But these populations have been the hardest hit by COVID-19, compelling us to rethink how we can better respond. Even with Medicaid expansion, these groups often underutilize their medical benefits. They may not have the awareness, time or transportation to take advantage of the safety nets that are available.
It is complicated, but these service institutions bear some blame for overcomplicating it and not collaborating effectively. Getting all concerned parties on the same page is simple, but essential, in better serving these populations.
We must fairly explain to children about our country’s racial history and also its current inequities.
We have talked with our children about slavery, the Civil War and the civil rights movement. It has been important for us to focus on Virginia’s role in the founding of our nation since our family has been here all along. Our kids have these facts and comprehend them as kids do, but the past year has taught us that we must talk to them about the differences and disparities that still exist. Inherent or implicit bias in policing, housing, transportation, education, unemployment and health care are just some of the racial inequities that have been laid bare during this COVID era.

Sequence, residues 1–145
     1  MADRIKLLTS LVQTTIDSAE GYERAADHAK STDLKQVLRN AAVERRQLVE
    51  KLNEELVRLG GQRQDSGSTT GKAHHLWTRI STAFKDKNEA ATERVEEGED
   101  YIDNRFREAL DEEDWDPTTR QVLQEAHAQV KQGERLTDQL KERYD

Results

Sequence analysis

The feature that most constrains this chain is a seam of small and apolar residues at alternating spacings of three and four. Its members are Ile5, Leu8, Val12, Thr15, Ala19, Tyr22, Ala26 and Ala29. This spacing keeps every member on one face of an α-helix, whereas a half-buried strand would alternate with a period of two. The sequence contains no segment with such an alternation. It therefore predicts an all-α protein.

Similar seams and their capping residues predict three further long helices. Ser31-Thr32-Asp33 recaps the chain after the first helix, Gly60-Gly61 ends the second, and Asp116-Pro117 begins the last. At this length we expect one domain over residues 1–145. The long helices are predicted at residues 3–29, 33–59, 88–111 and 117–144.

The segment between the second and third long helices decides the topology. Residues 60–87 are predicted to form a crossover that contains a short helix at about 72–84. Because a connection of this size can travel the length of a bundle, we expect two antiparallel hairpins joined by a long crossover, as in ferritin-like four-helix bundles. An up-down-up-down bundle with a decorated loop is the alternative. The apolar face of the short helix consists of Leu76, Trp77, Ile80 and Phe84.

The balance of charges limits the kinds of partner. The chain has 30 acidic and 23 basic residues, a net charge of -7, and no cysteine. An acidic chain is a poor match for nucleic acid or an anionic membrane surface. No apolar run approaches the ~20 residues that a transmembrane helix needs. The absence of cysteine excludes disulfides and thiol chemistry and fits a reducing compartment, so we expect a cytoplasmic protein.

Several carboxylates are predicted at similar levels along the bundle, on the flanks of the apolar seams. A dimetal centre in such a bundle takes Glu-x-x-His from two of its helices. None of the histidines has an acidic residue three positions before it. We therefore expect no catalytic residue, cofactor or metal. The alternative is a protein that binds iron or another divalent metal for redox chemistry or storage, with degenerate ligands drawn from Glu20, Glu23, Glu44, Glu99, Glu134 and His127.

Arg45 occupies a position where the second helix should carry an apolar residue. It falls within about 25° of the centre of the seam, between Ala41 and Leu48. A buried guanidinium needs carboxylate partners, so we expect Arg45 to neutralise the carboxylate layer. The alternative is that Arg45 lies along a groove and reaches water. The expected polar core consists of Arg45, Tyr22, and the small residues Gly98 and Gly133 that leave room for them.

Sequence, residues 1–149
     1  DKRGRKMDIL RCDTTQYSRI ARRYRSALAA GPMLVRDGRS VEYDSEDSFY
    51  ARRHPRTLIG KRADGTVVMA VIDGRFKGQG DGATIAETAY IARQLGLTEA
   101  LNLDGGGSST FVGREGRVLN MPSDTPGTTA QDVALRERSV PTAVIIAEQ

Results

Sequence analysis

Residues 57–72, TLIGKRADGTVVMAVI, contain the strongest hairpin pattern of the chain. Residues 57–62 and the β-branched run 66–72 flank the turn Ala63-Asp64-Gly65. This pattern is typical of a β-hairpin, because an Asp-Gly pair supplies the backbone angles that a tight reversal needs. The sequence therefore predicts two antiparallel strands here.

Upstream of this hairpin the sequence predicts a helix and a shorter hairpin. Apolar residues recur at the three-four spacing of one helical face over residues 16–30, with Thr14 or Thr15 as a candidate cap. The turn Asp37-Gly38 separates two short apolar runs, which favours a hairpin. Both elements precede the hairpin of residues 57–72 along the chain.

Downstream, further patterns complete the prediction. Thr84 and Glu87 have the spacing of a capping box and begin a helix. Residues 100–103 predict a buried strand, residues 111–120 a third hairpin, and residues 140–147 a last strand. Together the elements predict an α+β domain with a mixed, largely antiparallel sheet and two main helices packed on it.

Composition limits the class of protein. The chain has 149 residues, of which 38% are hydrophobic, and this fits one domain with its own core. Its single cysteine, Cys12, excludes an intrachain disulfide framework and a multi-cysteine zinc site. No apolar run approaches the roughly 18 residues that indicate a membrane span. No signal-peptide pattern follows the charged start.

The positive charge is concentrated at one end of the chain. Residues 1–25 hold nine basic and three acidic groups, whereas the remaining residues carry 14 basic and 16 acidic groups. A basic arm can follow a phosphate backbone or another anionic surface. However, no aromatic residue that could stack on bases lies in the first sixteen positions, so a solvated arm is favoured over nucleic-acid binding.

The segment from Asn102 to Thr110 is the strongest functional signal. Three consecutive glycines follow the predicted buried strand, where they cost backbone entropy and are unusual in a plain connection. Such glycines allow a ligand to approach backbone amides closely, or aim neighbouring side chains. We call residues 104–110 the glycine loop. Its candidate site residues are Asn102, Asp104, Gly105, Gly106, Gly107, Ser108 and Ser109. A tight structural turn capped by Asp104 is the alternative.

Last summer’s racial justice protests compelled many of us to have these conversations with our kids. Perhaps these dialogues are another silver lining to being home during COVID, a positive outcome from the social unrest, and will empower our kids’ generation to be the first to reduce these inequities instead of perpetuating them?
There is virtually no substitute for certain in-person experiences.
My wife and I have learned that online and drive-in worship services are not viable substitutes for gathering in person. The same is true for other cultural institutions, like the Richmond Forum.
Feelings of isolation from family and friends have been exacerbated by separation from our church family. It is nice to catch up with people on Sunday morning, share in their successes and challenges, and realize that not only are most of us having similar experiences, but we are here to know, support and pray for each other. We miss that time when we did not have to pick sides, consume real or social media or experience noise, even for just an hour.
We cannot wait to be back in the fellowship hall and the sanctuary, as well as the Altria Theater.
State government is the difference maker.
The state’s response to COVID has affected our lives more than the unreliable and inconsistent response we’ve seen from the federal government.
This puts a premium on who we elect later this year as governor, lieutenant governor and attorney general, as well as to the House of Delegates. The governor and attorney general will have the most to do on a daily basis to help us move beyond these current challenges and prepare for the next ones.
No one could have been adequately prepared to flawlessly manage our response over the last year. Authenticity, calm and experience taking care of children at pediatric hospitals and service members on the battlefield has served Gov. Northam well.